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Sidney Samson ft. Wizard Sleeve - 'Riverside (Let's Go)'

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Fraser McAlpine | 10:19 UK time, Sunday, 3 January 2010

Sidney Samson

ALERT! ALERT! New ground is being broken in the 'Songs About Rivers' genre! People should be told! I'm telling people! You tell people!

Until this momentous day dawned, songs about rivers have tended to fall neatly into the following categories: Songs about a jolly day spent gallivanting in a punt with your spiffing chums; songs about the mighty power of nature washing stuff away while a songwriter - sorry, poet - stands on the shore, moved to tears; songs about the pagan mystery of nature, with specific reference to misty riverbanks; and songs about seeing trouble, up ahead (ask your dad when Top Gear finishes).

This is none of these things. And yet somehow, it is ALL of these things.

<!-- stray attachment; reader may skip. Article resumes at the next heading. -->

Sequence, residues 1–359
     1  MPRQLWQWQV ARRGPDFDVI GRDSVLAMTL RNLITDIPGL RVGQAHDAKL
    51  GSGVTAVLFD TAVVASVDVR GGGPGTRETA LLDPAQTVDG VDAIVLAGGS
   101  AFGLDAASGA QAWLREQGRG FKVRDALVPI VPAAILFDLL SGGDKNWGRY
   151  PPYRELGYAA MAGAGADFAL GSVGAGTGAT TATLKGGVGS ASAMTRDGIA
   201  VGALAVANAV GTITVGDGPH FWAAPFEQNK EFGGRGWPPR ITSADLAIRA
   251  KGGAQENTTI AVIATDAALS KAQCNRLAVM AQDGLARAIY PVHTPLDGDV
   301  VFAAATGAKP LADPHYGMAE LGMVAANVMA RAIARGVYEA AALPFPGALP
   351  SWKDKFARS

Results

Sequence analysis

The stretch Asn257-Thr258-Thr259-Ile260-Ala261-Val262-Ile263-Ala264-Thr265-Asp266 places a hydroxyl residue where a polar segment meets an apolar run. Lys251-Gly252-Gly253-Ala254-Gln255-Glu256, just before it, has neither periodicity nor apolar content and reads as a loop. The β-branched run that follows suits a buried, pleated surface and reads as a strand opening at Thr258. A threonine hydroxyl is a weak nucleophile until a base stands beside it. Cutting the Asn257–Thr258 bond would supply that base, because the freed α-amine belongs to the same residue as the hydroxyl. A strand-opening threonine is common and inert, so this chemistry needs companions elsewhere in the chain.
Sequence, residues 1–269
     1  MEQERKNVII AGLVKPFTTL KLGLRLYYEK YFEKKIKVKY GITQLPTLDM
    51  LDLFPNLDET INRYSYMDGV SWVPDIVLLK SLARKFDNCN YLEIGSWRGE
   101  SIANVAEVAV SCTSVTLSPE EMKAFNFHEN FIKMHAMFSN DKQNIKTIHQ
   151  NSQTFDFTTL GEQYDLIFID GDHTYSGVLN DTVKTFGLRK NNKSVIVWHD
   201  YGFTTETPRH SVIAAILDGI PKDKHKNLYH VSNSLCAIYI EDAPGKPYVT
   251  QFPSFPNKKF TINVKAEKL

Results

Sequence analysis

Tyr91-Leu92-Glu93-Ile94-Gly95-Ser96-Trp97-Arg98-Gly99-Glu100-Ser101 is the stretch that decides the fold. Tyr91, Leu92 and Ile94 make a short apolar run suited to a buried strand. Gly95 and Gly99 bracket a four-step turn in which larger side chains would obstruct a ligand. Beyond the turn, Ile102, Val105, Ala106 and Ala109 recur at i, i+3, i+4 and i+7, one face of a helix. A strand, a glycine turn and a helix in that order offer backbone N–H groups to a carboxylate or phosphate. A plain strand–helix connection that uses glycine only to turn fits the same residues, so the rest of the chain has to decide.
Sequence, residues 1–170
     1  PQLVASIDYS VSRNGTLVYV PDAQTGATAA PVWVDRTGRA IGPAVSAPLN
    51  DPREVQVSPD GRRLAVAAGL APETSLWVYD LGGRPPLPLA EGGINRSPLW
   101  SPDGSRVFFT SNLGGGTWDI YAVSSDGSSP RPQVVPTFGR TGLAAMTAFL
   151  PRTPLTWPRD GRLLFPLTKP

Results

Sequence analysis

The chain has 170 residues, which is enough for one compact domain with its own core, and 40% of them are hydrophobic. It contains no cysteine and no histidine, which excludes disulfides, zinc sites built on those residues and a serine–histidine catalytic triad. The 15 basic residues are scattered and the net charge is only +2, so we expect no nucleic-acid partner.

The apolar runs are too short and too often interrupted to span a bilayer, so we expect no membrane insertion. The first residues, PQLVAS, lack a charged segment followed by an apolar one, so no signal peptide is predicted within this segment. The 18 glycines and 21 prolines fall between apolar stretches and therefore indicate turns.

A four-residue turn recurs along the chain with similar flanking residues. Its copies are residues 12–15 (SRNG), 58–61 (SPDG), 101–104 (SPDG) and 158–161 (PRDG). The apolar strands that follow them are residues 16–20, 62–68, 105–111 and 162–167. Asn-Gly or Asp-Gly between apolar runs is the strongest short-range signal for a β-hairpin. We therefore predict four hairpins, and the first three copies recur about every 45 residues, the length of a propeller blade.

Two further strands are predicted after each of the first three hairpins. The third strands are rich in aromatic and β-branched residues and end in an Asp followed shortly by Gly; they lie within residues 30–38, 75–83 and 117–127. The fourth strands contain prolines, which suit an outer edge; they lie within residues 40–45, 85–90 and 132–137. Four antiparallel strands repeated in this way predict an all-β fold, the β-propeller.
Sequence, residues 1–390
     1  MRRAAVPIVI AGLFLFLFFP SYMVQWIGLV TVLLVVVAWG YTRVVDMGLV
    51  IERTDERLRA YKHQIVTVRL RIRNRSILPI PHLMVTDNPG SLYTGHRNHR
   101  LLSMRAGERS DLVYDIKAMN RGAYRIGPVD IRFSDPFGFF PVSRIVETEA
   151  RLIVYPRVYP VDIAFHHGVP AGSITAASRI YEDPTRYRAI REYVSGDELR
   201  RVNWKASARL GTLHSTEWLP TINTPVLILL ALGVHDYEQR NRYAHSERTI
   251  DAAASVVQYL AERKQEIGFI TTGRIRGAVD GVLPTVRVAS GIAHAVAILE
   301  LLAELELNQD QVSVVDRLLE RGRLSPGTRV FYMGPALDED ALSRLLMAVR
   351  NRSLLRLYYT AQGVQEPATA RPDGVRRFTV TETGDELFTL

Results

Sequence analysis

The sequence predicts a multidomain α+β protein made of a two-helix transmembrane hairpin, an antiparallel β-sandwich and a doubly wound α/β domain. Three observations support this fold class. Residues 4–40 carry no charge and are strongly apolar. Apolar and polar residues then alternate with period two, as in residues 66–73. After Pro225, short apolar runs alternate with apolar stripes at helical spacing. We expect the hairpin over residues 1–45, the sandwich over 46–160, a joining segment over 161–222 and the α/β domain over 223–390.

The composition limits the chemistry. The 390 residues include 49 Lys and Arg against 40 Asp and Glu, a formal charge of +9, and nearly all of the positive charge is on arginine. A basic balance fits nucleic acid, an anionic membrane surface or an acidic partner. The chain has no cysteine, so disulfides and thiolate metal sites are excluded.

(Here's a nice clean radio-edit version)

The jolly day is covered in the song's title and general sense of fun. What could be more splendid than an invite from one's chums to perambulate river-wards at a rate of knots? Let's go indeed! I'll bring the Pimms! Cor! It's parky out here and no mistake!

The mighty power of nature is apparent to anyone who has had the fortune of attempting to listen to this on an elderly pair of headphones. Things begin to flap. The lower frequencies create a tiny tornado of pulsating sound on each side of your head, and you can only stand in awed silence while it blows itself out...or turn the volume down.

As for pagan mystery, well, any musical call to arms like this bears comparison with (assumed) pagan rituals from the past, surely? It's highly repetitive music which rises and falls in intensity, to create a sense of wild abandon in a congregation of like-minded people. It doesn't make a whole lot of sense outside of that environment, and there's a fella shouting instructions over the top. No misty riverbanks though, that's an oversight.

As for seeing trouble up ahead...well you've read ChartBlog comments before, right? Have at it, webulons!

Four starsDownload: Out now
CD Released: January 4th
BBC Music page

(Fraser McAlpine)



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